It has also sent a message of strength and solidarity to allies such as Israel and Saudi Arabia.
But if it is drawn into a tit-for-tat military action this could increase oil prices, lead to further loss of American life and spark another long-running regional war.
This could have ramifications for many other nations in the Middle East and beyond.
Shia forces in Iraq
In the short run, Iran-backed Shia militia in Iraq could benefit from the current crisis.
Over the past few months, the Iraqi government has been the target of many protests over Iran's influence in the country, alongside complaints of poor governance and corruption.
These militias - and the rest of Iraq's political establishment - are using the death of Soleimani to win back lost influence and legitimise their need to remain in the country.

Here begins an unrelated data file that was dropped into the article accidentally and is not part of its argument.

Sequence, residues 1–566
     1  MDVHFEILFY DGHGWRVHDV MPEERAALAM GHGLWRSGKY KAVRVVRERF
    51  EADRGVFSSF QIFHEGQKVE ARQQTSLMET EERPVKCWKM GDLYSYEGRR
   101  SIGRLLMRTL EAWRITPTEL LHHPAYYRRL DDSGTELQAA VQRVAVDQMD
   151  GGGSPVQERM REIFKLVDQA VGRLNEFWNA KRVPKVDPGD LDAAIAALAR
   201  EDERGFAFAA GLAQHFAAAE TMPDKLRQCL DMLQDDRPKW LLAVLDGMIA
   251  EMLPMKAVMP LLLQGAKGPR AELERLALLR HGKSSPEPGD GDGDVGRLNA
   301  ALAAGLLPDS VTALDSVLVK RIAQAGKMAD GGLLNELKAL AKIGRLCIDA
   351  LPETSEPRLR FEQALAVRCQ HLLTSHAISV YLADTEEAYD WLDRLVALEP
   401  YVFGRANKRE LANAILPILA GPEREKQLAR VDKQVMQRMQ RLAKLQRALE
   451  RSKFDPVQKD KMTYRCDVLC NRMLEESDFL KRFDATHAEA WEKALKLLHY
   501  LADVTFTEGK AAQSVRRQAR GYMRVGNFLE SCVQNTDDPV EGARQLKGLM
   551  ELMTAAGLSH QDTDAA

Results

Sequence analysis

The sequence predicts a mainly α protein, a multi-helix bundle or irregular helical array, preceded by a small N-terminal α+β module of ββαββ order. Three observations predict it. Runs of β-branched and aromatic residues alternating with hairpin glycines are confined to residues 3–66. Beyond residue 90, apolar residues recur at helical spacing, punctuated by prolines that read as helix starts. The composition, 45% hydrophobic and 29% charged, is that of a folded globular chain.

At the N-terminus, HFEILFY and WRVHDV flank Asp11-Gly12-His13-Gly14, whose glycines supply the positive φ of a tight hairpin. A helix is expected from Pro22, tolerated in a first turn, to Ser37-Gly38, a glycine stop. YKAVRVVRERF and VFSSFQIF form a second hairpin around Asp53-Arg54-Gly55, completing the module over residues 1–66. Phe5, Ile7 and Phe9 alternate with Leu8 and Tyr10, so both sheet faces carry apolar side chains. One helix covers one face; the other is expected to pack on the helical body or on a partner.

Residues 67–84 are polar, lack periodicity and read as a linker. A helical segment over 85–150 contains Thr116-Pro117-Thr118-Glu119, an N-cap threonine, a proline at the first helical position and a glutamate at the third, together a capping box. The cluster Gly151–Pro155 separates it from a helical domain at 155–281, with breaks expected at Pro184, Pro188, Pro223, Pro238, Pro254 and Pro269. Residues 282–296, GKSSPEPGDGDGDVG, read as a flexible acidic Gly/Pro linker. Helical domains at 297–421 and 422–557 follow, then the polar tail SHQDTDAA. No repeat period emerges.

The pledge to expel US troops from Iraq has long been a rallying cry of these groups and plays into the hand of their leaders.
It also creates a security vacuum for terrorist groups such as IS and Al Qaeda to exploit.
Iran and Israel have long been in conflict over their interests in the Middle East, and Iran's desire to remove the Jewish state.
From Israel's perspective, many threats still remain. These include Iran's support for Israel's adversaries such as Lebanon militant group Hezbollah and Syrian President Bashar al-Assad.
However, the death of Soleimani does indicate America's growing intention to contain Iran.
In Israel, this is likely to be seen as a positive step that will benefit its security interests against Iran and the groups it supports.
"Israel stands with the United States in its just struggle for peace, security and self-defence," the country's Prime Minister Benjamin Netanyahu said after the attack.
Protesters in the Middle East
The looming threat of conflict will give Middle Eastern governments an excuse to curb protests throughout the region.
In particular, the recent protests in Iraq, Lebanon and Iran over issues such as unemployment and corruption will be contained using the justification of national security.